Incident Reports

The nomination of new members to the transitional justice bodies has to be free of political interference


Reports that the committee formed to nominate new members to Nepal’s transitional justice bodies has been withholding its nominations waiting for major political parties to forge a consensus in sharing portfolios is disheartening, to say the least. Victims of the decade-long civil conflict--and the larger society--have been waiting over four years since the founding of the two transitional justice bodies for their work to end in a satisfactory manner. If current trends are to go by, we may have to wait much longer to even have functioning commissions, let alone witness the completion of their work.

In order to address the enforced disappearances and other human rights violations committed by the Maoists and the state during a tumultuous period in Nepal’s history, the Truth and Reconciliation Commission (TRC) and the Commission of Investigation on Enforced Disappeared Persons (CIEDP) were formed in February 2015. For the first two years, the two transitional justice bodies didn’t do anything but solicit complaints from the victims. Consequently, the government extended the terms of the two commissions in February 2018. Even this extended term has expired, as of February 2019. And in this time, the TRC has only conducted preliminary investigations on 5,000 out of a total of 63,000 complaints registered. The CIEDP hasn’t fared much better, with 800 out of 3,000 complaints still being left ignored--with the rest having just concluded the primary investigation phase.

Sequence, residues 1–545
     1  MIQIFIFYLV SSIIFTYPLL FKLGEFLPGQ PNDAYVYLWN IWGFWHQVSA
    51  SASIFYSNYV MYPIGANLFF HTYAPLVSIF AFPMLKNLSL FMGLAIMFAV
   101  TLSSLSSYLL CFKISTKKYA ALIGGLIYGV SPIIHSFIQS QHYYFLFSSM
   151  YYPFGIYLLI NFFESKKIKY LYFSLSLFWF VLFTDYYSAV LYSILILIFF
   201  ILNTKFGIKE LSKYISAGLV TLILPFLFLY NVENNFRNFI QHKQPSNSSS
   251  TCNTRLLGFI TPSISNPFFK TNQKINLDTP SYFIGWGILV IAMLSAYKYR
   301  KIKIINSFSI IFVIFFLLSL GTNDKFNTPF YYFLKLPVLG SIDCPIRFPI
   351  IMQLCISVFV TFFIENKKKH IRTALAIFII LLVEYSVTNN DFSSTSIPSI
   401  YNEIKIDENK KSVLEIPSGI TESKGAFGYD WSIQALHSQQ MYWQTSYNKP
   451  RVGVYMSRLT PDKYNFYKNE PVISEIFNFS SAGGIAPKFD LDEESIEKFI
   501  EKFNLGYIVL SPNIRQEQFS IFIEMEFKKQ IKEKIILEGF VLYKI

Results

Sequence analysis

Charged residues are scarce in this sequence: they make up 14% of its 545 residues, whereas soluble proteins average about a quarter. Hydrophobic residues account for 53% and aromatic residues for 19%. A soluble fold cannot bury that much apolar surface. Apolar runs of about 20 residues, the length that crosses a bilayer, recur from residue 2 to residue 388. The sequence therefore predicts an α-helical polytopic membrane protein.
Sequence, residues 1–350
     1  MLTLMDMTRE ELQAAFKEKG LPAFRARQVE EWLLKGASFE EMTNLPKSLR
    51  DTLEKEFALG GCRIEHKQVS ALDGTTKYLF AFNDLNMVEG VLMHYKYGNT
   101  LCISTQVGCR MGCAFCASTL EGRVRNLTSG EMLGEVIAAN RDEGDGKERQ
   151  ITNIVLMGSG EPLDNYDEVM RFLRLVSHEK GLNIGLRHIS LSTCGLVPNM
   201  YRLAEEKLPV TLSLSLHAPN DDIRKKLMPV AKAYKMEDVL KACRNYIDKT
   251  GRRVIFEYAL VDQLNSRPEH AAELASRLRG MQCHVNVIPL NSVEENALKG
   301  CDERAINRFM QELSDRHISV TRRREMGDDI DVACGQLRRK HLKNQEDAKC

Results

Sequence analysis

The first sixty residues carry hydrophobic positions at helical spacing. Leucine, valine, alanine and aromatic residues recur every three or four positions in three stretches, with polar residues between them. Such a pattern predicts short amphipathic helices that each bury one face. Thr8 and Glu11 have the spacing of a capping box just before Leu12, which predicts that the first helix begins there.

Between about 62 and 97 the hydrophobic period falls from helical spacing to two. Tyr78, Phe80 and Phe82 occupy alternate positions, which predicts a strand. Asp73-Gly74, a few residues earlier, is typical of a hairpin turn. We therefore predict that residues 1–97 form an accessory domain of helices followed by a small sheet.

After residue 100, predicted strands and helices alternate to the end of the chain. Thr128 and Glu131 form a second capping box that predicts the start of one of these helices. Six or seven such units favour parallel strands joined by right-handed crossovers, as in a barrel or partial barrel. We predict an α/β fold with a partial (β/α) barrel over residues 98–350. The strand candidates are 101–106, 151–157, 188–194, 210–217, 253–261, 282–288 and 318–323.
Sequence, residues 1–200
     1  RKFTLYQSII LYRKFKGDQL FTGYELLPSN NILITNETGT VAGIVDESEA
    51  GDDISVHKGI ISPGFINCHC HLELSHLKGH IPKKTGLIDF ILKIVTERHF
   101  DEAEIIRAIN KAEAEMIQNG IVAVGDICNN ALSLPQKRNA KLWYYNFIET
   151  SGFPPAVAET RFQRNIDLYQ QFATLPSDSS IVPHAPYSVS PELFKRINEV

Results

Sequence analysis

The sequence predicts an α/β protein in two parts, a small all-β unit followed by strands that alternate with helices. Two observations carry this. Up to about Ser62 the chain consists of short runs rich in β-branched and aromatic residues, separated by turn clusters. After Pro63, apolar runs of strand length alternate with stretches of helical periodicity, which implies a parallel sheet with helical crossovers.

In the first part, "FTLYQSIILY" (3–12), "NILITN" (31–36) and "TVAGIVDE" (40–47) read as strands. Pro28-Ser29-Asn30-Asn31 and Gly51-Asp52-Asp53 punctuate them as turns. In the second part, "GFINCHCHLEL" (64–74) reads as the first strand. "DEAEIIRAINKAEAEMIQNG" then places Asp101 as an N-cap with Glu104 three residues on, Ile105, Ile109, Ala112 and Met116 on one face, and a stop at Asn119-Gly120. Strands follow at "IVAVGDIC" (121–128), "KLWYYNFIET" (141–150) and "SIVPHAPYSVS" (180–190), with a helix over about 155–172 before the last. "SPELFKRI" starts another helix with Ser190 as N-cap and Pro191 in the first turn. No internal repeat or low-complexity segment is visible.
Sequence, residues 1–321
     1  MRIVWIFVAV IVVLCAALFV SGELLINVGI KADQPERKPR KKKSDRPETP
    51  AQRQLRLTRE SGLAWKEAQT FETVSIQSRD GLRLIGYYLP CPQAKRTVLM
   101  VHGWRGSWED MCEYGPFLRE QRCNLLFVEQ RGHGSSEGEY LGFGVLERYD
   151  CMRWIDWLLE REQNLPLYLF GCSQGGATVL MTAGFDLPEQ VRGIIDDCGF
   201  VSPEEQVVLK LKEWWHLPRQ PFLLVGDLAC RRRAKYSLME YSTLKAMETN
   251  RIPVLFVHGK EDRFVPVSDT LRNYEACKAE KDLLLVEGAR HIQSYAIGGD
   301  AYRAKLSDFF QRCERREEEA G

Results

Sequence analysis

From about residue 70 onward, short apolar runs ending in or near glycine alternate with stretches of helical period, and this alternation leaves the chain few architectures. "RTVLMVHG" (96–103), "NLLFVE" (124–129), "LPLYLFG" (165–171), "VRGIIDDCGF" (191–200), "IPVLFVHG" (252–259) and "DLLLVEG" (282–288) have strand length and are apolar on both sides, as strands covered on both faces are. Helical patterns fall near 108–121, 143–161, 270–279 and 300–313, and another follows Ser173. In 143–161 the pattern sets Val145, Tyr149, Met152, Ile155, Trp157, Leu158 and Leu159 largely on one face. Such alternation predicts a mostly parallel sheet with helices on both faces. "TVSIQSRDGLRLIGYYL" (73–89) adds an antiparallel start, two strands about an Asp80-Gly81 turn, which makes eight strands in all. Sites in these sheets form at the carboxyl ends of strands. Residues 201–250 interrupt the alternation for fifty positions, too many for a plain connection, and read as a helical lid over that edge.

Transitional justice is never easy. Truth and reconciliation processes all over the world have faced some form of criticism over their aims and conclusions. But here, the process has not even properly begun. The victims have blamed incompetent officials and pressure from subsequent governments for the lackadaisical performance. After much criticism and deliberation, the government passed amendments to the Enforced Disappeared Persons, Truth and Reconciliation Act 2014 in February, to further increase the terms of the transitional justice bodies by a maximum of two years year, and has since formed a committee under former chief justice Om Prakash Mishra to recommend new members to the commissions.

Now, more than two months after its formation, and having received 57 applicants, the Mishra-led committee has claimed that the ‘complex selection procedure’ is to be blame for its lack of nominations. But inside sources have said that the real reason for the delay is that the committee is waiting for the top political parties to finalise a seat-sharing deal. This is a slap in the face of all stakeholders who have been waiting years for an independent and fair transitional justice mechanism. The government would do well to change course and allow for the TRC and CIEDP to complete their work without political interference. The Conflict Victims Common Platform has already splintered into two groups, with the newly formed Conflict Victims National Network already refusing to compromise on the transitional justice mechanisms. Anything short of an independent and functioning transitional justice system will be sure to create more strife.